But the problem it is, Judy, when you do win, what have you won? I don't think either of these campaigns has been constructed, that if they do win, they're going have any kind of a mandate they can point to.
DAVID BROOKS: Yes.
I agree with some of Mark's criticism of the Paul Ryan speech. But at least it was sort of a substantive speech. I went back.
I said, am I imagining the way old campaigns used to be? I went back and looked at some of the 1980 speeches, or the debates, Jimmy Carter vs. Ronald Reagan.
They actually were talking about the major issues of the day, the Soviet Union, and inflation and stagflation.
If you look at the major issues of the day, well, widening inequality, well, that has not really been talked about. A wage stagnation, that has barely been talked about. Global warming, you go down the list of the big issues of the day, and this -- this campaign I think more even than real-life campaigns, it's not imagining some...
... campaign, even more than recent campaigns, has ignored a lot of those issues.
JUDY WOODRUFF: Why do you think that is?
DAVID BROOKS: Because the consultants have taken over.
And I think both of the candidates are not particularly sincere, especially Mitt Romney. And so they're not running on things that sort of motivate you to get into public life. They have decided they have got strategies of how to do it, and the candidates are playacting out those strategies.
MARK SHIELDS: I challenge either one of them to tell -- President Obama doesn't have grandchildren -- but tell his daughters what he is proud about in this campaign, I mean, or to Mitt Romney, that huge, handsome, wonderful family of his, and say, this is what grandpa stood for in 2012.
Judy, when you win -- whatever you say about Ronald Reagan -- and I said a lot -- but he ran on double the defense budget, cut taxes by a third. So when he won in 1980, there was a mandate to do it. And I don't see any mandate coming out of this election, unless I'm missing...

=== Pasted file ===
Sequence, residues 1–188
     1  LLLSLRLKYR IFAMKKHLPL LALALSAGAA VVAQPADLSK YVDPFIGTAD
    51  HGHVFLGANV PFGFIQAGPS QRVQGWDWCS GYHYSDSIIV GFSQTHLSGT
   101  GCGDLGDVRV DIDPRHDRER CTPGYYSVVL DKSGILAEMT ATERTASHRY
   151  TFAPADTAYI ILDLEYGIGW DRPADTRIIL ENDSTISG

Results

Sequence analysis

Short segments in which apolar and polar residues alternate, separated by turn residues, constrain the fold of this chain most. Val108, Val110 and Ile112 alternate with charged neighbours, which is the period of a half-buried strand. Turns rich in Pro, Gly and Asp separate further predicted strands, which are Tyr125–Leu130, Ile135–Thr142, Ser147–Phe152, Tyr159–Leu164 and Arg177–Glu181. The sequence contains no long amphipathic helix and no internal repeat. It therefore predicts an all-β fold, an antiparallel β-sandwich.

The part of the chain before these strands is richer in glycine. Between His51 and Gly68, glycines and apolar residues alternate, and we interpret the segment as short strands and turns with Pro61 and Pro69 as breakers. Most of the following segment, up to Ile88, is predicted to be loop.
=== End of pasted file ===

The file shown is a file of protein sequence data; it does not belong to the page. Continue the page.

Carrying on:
DAVID BROOKS: And even -- one of the things that offended me this week is Barack Obama running -- Obama running an ad, I think in Ohio, that ends with, Mitt Romney, he's not one of us.
MARK SHIELDS: Yes. That was...
DAVID BROOKS: And that's code. That's an old code language.
And, you know, you just -- as a sense of principle, you just don't run that ad with that sort of slogan. And so, it is again part of the dispiriting part of...
MARK SHIELDS: And we saw the debate on Monday night.
We saw the old Mitt, who said, Iraq war, I was for it, I supported it then, I support it now. What does he say on Monday night? We don't want another Iraq. I'm not Dick Cheney. I'm George W. Bush.
JUDY WOODRUFF: And a lot of talk about peace.
MARK SHIELDS: I mean, peace, peace, peace, the new Mitt. We had the new Nixon in '68.
I mean, the new improved Mitt, he did the same thing on Iran sanctions. He was talking about an aerial strike. He was talking about an invasion or an attack upon Iran as recently as months ago.
And now he is saying, no, I'm all for sanctions. We have to do it peacefully and diplomatically. So, I mean, who is this man? Who are you? You know, that is...
DAVID BROOKS: Yes.
And I feel like we're coming to the end of this campaign with the two large questions unanswered, crucial questions. Would Mitt Romney buck the Republican Party at any time if he were elected president? And, secondly, does Barack Obama have sort of a second wind, a second burst of policy creativity?
MARK SHIELDS: Yes.
JUDY WOODRUFF: Well, he did put out this 20-page statement of his.
DAVID BROOKS: Yes, but that was a rehashed statement of small things that -- frankly, if you go to his book that he wrote in 2007, I bet most of those things are in that 2007 book.
And so they're fine. They're, you know, community colleges, more math and science teachers. I'm for all that kind of stuff. But it's not exactly a huge agenda.
And so you trying to -- you're a voter. You are trying to imagine, what's the next four years going to look like? I think it's very hard because those big questions have been unanswered.
JUDY WOODRUFF: Well, it's only 10 days to go after this. And I was going to ask you about the ground game and all kinds of other things. But this has been better than that, better than the ground game.
DAVID BROOKS: It's important for us to vent emotionally.
JUDY WOODRUFF: Mark Shields, David Brooks, thank you both.
And there is more politics talk with Mark, David, and Hari on The Doubleheader, recorded in our newsroom. That is going to be posted at the top of The Rundown later tonight.